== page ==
2/2/21; 288 pages
Algonquin Books of Chapel Hill
Made in China: A Prisoner, an SOS Letter, and the Hidden Cost of America's Cheap Goods
by Amelia Pang is very highly recommended exposition on China's
labor/reeducation camps, human rights violations, and how our
consumerism is a tacit approval of the system.
Everyone should read this book. Everyone. And then reexamine their own involvement with cheap Chinese merchandise. Take note that if you buy something made in China it was likely made with slave labor. That should cause you to take pause in and of itself, but it becomes even more crucial to take action if you combine it with the fact that China is the world’s largest producer of greenhouse gases, and their rates are vastly under reported.
When Julie Keith opened up a package of cheap decorations in 2012,
she discovered a plea for help written by the prisoner who made the
items. The note was written by Sun Yi who was taken prisoner and put in a
reeducation camp/ forced labor camp by the Chinese Communist Party. His
crime was practicing Falun Gong with a religious meditation group.
Pang shares the life of Sun Yi, including the horrendous torture he and others endure in the "laogai system" which is the world’s largest forced-labor system. The system is rarely labeled as prisons, rather they call the camps reeducation centers or detoxification centers. No matter the name, they are still forced labor centers where people are sent at the whim of the CCP. The people in forced labor include the Falun Gong practitioners, as well as Christians, Turks, Muslim Uighurs, and Tibetans. Companies who get their products that are made with the forced slave labor from China never receive them directly from the prisons, instead they are exported and purchased through an import-export company system. It also appears that China is now in the business of organ selling. They get the medical information from the prisoners and will harvest their organs. The transplant industry in China is a billion dollar industry.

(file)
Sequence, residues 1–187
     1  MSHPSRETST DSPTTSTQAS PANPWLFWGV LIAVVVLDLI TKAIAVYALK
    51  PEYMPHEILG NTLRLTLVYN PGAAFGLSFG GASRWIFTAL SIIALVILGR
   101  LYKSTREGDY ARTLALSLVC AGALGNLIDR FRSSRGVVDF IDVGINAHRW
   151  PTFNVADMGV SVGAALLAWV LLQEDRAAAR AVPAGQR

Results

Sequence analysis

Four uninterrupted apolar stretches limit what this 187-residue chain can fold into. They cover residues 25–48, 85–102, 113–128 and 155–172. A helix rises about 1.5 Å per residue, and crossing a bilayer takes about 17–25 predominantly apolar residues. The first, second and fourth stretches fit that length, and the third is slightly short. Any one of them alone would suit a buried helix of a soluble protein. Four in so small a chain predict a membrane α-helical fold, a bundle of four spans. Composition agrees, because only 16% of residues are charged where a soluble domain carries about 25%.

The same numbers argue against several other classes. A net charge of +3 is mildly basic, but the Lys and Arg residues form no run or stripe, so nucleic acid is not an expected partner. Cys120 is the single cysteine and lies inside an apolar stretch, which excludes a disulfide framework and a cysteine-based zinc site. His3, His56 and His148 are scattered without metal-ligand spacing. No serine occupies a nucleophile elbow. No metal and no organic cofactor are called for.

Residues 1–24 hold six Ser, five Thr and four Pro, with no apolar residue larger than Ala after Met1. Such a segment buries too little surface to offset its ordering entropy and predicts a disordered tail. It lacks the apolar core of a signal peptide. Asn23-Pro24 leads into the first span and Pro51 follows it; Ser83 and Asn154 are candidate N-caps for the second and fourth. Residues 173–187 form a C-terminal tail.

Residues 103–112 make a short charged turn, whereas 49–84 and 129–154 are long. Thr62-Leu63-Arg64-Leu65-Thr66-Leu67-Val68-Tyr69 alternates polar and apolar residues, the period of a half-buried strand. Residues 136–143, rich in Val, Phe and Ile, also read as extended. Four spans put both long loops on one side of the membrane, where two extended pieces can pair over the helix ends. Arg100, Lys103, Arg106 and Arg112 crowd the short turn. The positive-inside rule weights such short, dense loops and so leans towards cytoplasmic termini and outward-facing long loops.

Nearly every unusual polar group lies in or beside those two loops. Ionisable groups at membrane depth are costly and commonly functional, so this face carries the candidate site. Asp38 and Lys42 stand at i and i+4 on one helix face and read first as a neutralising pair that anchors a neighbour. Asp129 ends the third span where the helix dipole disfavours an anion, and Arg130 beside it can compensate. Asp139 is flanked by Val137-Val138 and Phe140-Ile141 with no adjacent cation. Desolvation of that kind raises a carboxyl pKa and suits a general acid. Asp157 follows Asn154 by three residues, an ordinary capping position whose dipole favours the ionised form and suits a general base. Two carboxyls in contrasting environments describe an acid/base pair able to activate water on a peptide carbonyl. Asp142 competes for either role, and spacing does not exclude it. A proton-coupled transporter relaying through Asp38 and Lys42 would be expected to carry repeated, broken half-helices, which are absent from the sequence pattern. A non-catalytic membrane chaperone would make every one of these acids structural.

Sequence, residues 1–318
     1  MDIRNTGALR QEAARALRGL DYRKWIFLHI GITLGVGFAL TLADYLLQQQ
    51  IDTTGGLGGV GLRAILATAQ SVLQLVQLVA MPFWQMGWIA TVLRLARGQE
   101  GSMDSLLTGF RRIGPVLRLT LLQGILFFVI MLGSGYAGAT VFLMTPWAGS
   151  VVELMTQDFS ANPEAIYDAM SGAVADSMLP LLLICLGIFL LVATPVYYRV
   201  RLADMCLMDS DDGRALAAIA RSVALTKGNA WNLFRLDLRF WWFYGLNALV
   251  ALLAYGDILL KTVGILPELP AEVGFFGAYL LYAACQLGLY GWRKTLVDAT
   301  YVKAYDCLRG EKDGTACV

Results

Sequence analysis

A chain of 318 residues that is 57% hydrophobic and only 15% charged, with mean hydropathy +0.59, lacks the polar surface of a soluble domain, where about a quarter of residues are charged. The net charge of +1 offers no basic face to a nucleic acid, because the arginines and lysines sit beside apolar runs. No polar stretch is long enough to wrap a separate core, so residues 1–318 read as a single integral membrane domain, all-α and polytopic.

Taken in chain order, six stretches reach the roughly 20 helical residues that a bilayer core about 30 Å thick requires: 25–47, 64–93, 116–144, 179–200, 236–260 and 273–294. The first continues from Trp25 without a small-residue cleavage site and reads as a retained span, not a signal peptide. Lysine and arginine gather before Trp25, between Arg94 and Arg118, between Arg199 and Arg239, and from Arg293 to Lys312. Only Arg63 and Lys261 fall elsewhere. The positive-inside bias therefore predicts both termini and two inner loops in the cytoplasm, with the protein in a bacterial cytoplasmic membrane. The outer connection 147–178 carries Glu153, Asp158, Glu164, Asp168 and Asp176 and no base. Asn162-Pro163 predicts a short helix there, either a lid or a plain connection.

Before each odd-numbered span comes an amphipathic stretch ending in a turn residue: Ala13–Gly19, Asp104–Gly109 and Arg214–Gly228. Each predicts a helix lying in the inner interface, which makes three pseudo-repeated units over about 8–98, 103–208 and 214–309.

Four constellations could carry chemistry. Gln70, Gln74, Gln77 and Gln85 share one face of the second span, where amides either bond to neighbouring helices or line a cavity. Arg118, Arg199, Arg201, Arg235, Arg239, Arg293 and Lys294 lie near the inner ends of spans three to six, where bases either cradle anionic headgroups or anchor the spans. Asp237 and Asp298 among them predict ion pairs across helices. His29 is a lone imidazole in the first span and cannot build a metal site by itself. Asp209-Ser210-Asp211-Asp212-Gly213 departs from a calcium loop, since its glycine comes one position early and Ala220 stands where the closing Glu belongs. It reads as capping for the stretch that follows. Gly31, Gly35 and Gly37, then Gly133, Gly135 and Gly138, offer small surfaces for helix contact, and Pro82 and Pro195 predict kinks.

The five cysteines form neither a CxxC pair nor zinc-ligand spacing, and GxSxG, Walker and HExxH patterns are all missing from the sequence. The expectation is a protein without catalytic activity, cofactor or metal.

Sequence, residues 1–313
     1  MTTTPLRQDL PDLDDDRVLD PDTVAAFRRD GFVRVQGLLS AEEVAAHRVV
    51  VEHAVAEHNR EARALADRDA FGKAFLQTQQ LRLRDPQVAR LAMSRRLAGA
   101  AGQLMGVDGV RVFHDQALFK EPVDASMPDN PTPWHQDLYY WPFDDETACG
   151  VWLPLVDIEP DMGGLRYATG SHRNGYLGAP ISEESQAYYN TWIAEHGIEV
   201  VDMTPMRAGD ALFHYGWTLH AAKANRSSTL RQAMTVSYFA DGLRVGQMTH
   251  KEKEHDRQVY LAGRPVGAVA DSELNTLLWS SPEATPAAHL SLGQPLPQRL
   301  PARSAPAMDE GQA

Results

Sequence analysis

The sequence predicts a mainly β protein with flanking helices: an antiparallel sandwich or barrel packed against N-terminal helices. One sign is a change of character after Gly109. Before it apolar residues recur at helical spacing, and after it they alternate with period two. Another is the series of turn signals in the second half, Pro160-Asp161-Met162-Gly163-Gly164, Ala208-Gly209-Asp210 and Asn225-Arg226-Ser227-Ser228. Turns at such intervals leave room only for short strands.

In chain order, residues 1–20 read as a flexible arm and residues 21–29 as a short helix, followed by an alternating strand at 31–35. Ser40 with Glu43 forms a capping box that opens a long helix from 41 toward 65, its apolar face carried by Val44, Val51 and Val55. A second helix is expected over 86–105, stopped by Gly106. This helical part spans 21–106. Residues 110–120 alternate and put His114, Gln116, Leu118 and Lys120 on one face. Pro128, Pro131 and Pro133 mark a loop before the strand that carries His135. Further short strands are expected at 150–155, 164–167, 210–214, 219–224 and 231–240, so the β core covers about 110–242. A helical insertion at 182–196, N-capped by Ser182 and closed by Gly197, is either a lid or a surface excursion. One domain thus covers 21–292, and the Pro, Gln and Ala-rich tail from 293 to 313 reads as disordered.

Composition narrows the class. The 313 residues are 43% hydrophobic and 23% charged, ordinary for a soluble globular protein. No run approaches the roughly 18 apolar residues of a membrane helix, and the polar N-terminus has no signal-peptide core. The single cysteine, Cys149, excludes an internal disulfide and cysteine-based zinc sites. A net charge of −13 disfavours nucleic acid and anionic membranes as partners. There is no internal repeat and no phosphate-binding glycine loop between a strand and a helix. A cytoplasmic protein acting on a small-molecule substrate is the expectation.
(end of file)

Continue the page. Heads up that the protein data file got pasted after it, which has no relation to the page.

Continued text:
With modern AI surveillance technologies, the CCP is targeting even
more people as they can identify them. Think about this information as
you blindly follow any social media platform: "As early on as 2004,
China has built the most extensive
surveillance and internet censorship system in the world, with currently
an estimated one hundred thousand human censors inspecting the web for
politically sensitive content and manually deleting posts on various
Chinese social media platforms. They are employed not only by state
propaganda departments, but also by Chinese companies that have
privatized censorship. And then there are the commenters, who are paid
to guide online discussions in a pro-government direction. A 2017
Harvard study estimated that 448 million paid comments appear on Chinese
social media every year." China is said to be one big modern,
technologically savvy labor camp.
This is not an easy book to read but it is vital that people know
is going on in China. If people show any dissent in China, this is how
they handle it - imprison them into forced labor. Pang immersed herself
into Sun's story and that of other labor camp survivors over three
years. Note that according to a 2017 study by the Economic Policy
accession to the WTO caused the United States to lose 3.4 million jobs.
And as manufacturing migrated to China, it created more opportunities
for Chinese factories to outsource work to labor camps." What we can do
is limit how we spend our money and investigate the companies we buy
from because China does respond to financial push back.
Disclosure: My review copy was courtesy of Algonquin Books of Chapel Hill